In­teri­or De­part­ment: Dur­ing his 2012 pres­id­en­tial cam­paign, then-Rep. Ron Paul of Texas lis­ted In­teri­or as one of five fed­er­al agen­cies he’d elim­in­ate. But what of the more than 500 mil­lion acres of pub­lic land man­aged by the agency? A year earli­er he said this to the West­ern Re­pub­lic­an Lead­er­ship Con­fer­ence: “So you can ima­gine how won­der­ful it would be if land will be or should be re­turned to the states and then for the best parts sold off to private own­ers.”

Hous­ing and Urb­an De­vel­op­ment De­part­ment: At a closed-door fun­draiser in 2012, GOP can­did­ate Mitt Rom­ney said that HUD, an agency his fath­er helmed, “might not be around later” un­der a con­sol­id­a­tion of the fed­er­al gov­ern­ment. The Amer­ic­an En­ter­prise In­sti­tute jumped on the pro­pos­al, say­ing HUD had helped dis­tort the hous­ing mar­ket. And in a column in For­bes, Josh Barro wrote that “there is noth­ing fun­da­ment­ally un­work­able about a private mar­ket in hous­ing that re­quires heavy gov­ern­ment reg­u­la­tion and sub­sidy” and said HUD should be shut down and hous­ing sub­sidies ab­ol­ished in fa­vor of an ex­pan­ded Earned In­come Tax Cred­it.

Trans­port­a­tion De­part­ment: Daniel J. Mitchell of the Cato In­sti­tute has said that the volume of pork and bur­eau­cracy should jus­ti­fy shut­ting down the fed­er­al Trans­port­a­tion De­part­ment in fa­vor of state and loc­al gov­ern­ments hav­ing power over roads. That way, he said, the gas-tax rev­en­ue wouldn’t be spent on “boon­doggle mass trans­it pro­jects.” Put more simply, Ron Paul said in 2012, the gas tax should just be col­lec­ted and doled out to states by size or pop­u­la­tion. “And you could do that with one guy and a com­puter,” Paul said.

Ag­ri­cul­ture De­part­ment: Greg Bran­non, a doc­tor who sought the GOP nom­in­a­tion in North Car­o­lina’s Sen­ate race run­ning un­der the tea-party mantle, made head­lines earli­er this year when he com­pared food stamps to “good­ies” and said the pro­gram “en­slaves people.” “The an­swer,” he said, “is the De­part­ment of Ag­ri­cul­ture should go away at the fed­er­al level.”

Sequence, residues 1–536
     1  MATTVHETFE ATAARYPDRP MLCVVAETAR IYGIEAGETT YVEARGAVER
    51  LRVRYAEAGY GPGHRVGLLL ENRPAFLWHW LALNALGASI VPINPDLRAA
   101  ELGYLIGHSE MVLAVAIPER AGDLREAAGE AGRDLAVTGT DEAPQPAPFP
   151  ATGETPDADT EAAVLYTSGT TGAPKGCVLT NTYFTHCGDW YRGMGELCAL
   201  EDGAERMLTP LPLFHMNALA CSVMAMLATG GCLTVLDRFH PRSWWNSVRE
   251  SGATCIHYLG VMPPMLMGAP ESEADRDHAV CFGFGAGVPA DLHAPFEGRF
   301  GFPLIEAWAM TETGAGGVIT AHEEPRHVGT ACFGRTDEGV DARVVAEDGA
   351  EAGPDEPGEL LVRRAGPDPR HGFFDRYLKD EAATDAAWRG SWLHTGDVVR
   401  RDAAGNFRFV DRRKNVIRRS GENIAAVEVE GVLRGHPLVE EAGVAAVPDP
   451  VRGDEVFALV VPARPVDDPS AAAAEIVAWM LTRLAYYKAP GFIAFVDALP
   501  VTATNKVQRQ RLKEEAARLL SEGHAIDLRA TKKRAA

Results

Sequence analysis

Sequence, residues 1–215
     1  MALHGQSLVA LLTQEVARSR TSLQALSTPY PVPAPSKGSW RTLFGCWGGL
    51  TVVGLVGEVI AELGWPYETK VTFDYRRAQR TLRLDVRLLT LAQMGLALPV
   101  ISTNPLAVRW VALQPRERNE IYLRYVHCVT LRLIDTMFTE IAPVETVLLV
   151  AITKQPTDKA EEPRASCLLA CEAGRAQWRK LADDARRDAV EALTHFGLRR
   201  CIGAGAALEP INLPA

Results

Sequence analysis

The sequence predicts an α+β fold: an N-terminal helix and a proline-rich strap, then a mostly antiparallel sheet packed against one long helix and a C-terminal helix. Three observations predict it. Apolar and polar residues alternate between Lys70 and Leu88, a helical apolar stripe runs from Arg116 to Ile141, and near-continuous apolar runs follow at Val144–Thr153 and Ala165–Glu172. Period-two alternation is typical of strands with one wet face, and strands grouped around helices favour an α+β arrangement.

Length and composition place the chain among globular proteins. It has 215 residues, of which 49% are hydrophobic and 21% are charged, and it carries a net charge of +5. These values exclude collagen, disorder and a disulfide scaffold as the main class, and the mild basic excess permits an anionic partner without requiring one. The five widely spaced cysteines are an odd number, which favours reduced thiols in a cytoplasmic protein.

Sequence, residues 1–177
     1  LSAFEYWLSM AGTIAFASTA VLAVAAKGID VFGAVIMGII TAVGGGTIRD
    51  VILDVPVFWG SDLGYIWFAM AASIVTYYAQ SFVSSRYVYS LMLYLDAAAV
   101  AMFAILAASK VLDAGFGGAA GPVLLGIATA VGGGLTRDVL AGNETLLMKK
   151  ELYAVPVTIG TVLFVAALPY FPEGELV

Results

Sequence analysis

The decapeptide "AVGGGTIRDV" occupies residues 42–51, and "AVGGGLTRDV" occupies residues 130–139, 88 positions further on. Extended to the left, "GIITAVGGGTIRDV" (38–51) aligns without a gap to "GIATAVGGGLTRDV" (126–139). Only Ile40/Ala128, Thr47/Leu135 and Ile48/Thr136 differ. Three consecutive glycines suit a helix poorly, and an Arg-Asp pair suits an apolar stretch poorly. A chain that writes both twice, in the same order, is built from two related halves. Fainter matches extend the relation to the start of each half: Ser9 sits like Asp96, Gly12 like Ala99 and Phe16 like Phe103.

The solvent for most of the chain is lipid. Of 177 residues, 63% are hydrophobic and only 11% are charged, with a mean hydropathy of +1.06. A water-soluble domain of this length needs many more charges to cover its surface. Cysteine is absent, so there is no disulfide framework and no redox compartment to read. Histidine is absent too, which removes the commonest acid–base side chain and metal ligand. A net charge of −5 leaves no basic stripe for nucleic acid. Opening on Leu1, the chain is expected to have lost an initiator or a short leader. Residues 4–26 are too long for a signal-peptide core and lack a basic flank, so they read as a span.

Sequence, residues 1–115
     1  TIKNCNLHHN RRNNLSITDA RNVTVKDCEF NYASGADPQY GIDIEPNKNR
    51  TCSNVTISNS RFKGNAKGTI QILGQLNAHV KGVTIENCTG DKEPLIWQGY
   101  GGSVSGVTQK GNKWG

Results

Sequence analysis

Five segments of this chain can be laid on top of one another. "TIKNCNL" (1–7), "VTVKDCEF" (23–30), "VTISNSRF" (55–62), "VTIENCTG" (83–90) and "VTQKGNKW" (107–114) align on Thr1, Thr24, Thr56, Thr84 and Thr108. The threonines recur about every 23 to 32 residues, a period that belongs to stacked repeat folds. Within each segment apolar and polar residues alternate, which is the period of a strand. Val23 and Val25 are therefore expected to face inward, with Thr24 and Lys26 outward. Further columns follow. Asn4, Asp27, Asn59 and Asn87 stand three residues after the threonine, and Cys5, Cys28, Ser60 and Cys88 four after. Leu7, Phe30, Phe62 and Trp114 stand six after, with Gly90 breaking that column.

Labor De­part­ment: The Cato In­sti­tute has offered up spend­ing cuts for Labor, largely through re­form­ing un­em­ploy­ment in­sur­ance. Oth­ers, in­clud­ing Fox Busi­ness host Dav­id As­man and Vir­gin­ia Liber­tari­an Party House can­did­ate Will Ham­mer, have said the de­part­ment should be axed en­tirely, with in­sur­ance and train­ing be­ing left up to the states.

Home­land Se­cur­ity De­part­ment: The Cato In­sti­tute’s Dav­id Rittger wrote in 2011 that DHS had be­come too bloated and “made it too easy for politi­cians to dis­guise pork bar­rel spend­ing in red, white, and blue,” so he pro­posed restor­ing most of DHS’s re­spons­ib­il­it­ies to their ori­gin­al agen­cies. Im­mig­ra­tion, bor­der se­cur­ity, and cus­toms would be grouped un­der a new “Bor­der Se­cur­ity Ad­min­is­tra­tion,” while the Trans­port­a­tion Se­cur­ity Ad­min­is­tra­tion and Fed­er­al Air Mar­shals Ser­vice would be axed com­pletely.

Coun­cil of Eco­nom­ic Ad­visers: A dec­ade after Re­agan con­sidered get­ting rid of the eco­nom­ic ad­vis­ory board, the full House voted in 1995 to ab­ol­ish CEA. Jim Lightfoot, the Iowa Re­pub­lic­an who chaired the Ap­pro­pri­ations sub­com­mit­tee on the Treas­ury that ini­ti­ated the ab­ol­ish­ment vote, said CEA was simply du­plic­at­ing work done else­where, al­though past CEA mem­bers dis­agreed. “I think it’s a stu­pid idea,” Nix­on-era Chair­man Her­bert G. Stein told The New York Times at the time.

Small Busi­ness Ad­min­is­tra­tion: Re­agan budget dir­ect­or Dav­id Stock­man, while try­ing to kill the SBA, found him­self the sub­ject of con­tro­versy after he de­scribed the agency as a “rat hole.” But pro­pos­als to scrap the agency haven’t gone away — in a Wall Street Journ­al ed­it­or­i­al, Ver­o­nique de Rugy of the Mer­catus Cen­ter at George Ma­son Uni­versity wrote that busi­nesses would sur­vive without SBA loans and that the agency’s train­ing pro­grams could be handled by the private sec­tor.